Skip to main content
Algorithmic Assemblages: Do Machines Dream of Art?


In approaching Hopson’s work at the intersection of machine and human thought, the use of the abstract is a way to replicate the coding mechanisms required in digital algorithms. By moving away from literal interpretations, these works are fashioned in accordance with the tenants of abstract art movements that seek to reduce objects to simplified forms and patterns. What remains crucial is not to remove too many elements that you end up saying nothing about nothing. Meaningful insight, rather, comes from retaining just enough information so that abstract thought may strip an algorithmic problem, or a creative approach, to something of the essential: industrial screw, string, glass.

Cardboard, cotton, embroidery thread, fairy lights, daguerrotypes, paint, copy paper, 2023.

A daguerrotype with half-erased images of Animal feeding relating to Lycaon (Greek mythology)

"My piece tells the story of Lycaon, as told in Ovid's Metamorphoses. I was interested in the incorporation of daguerrotypes and how to conceptualize various figures within the myth as something physical. The resulting piece is almost a miniature set, complete with Zeus, Lycaon, and his son, surrunded by animals feeding and blood dripping." - Megan Cockett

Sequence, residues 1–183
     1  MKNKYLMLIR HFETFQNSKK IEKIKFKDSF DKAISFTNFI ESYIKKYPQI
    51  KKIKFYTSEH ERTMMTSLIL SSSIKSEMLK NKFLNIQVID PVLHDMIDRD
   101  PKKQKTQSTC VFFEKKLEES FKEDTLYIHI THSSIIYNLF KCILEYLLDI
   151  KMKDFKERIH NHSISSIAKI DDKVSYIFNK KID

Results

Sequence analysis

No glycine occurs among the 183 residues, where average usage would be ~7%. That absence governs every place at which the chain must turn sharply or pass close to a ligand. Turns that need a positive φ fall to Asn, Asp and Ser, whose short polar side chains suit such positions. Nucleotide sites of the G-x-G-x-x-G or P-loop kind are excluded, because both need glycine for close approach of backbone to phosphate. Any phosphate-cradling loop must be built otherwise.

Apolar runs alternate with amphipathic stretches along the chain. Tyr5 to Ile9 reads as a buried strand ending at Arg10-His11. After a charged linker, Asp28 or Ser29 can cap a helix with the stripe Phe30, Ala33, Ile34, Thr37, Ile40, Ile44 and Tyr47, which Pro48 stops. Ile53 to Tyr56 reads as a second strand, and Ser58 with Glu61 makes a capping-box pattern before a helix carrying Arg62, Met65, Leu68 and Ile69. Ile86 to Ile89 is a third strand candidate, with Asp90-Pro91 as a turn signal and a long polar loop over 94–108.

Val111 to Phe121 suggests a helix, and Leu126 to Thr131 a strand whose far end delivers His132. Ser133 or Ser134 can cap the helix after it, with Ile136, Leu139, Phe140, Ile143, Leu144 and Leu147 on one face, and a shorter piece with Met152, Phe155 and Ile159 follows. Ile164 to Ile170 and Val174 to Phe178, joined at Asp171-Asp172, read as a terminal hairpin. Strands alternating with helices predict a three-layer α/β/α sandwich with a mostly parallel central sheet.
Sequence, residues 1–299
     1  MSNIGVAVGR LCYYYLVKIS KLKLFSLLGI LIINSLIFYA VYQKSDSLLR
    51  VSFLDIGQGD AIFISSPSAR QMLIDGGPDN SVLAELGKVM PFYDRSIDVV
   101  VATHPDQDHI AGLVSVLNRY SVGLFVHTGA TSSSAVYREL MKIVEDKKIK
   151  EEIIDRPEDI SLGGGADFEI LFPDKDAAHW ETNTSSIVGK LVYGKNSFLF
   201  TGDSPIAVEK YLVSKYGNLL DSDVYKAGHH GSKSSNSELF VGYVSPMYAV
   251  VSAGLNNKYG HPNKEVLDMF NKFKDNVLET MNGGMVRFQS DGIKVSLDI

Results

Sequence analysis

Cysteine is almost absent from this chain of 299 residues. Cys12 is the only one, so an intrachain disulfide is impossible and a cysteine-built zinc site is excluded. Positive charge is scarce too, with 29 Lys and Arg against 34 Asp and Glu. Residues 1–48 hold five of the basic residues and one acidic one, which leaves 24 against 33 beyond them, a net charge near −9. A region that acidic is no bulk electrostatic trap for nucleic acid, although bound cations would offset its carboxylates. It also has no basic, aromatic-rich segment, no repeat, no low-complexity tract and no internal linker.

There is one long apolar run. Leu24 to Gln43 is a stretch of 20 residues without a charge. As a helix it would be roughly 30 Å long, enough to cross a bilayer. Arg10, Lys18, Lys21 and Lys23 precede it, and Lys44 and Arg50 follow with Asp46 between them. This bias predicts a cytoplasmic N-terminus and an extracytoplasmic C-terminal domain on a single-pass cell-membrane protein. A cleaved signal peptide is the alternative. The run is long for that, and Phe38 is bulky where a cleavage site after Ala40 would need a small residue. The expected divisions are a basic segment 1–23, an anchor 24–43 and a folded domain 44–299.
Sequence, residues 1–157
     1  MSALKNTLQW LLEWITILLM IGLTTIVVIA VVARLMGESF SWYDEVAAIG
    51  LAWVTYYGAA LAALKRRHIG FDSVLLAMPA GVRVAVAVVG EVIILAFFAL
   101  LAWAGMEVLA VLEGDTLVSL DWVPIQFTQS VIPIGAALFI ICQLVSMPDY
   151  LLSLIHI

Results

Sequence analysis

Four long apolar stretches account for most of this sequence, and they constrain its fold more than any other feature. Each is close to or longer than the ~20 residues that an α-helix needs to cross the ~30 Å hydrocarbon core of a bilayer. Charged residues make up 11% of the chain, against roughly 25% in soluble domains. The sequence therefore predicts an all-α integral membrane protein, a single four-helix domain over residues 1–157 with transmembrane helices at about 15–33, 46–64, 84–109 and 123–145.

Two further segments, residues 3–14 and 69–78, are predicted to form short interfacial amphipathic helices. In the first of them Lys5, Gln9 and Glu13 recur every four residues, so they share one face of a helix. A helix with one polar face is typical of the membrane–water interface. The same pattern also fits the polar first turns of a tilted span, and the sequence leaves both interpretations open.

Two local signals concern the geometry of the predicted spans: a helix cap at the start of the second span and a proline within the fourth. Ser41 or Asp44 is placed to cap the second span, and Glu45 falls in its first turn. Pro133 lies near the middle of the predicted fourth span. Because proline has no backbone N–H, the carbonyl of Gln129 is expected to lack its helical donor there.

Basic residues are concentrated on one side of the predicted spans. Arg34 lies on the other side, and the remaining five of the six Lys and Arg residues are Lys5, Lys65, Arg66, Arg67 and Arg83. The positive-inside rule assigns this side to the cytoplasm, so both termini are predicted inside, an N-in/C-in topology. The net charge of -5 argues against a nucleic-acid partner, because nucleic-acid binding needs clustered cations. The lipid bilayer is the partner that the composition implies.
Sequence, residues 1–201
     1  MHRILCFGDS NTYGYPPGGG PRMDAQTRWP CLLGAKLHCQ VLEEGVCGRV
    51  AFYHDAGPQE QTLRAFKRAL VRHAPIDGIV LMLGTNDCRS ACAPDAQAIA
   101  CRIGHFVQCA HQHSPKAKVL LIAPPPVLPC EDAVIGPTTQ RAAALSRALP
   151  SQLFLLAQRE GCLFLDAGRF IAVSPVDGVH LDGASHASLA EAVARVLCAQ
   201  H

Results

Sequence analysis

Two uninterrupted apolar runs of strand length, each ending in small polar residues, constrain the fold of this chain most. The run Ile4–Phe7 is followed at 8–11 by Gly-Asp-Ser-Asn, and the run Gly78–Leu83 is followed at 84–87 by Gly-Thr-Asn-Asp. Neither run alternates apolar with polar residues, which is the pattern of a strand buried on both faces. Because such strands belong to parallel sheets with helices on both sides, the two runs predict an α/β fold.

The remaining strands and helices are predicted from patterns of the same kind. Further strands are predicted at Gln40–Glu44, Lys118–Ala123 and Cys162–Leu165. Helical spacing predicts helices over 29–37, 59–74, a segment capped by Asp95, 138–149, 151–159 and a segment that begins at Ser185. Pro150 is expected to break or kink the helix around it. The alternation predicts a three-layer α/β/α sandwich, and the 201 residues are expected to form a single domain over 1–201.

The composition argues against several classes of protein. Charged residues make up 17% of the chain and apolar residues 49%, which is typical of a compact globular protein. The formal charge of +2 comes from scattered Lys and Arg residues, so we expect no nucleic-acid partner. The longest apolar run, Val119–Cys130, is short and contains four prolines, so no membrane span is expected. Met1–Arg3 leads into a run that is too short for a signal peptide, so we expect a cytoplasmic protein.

Acrylic paper, industrial screw, rock, 2023.

A lithograph with a highly conspicuous portrayal of Screaming that sheds light on Fryingpan Glacier (Wash.)

"I wanted to throw an empty, crumbled piece of paper at the adverb modifying conspicuous because any portrayal of Screaming would too. The medical lithograph meets its own end. As for frying pans and glaciers, here’s a piece of both. In flight." - Dion Kauffman


Wood, glass, ceramic, plastic, die cast metal, paper, colored pencils, 2023.

A collection of objects in a vitrine delineating Titmice to aid in the understanding of General Strike, Rome, Italy, 1903

"I loved the idea of doing something with history, and also with objects. I used my rock collection's display case, and objects that I found in antique stores. I drew the titmice." - Monica Oatman

Please click the image to the left to see other angles of the vitrine!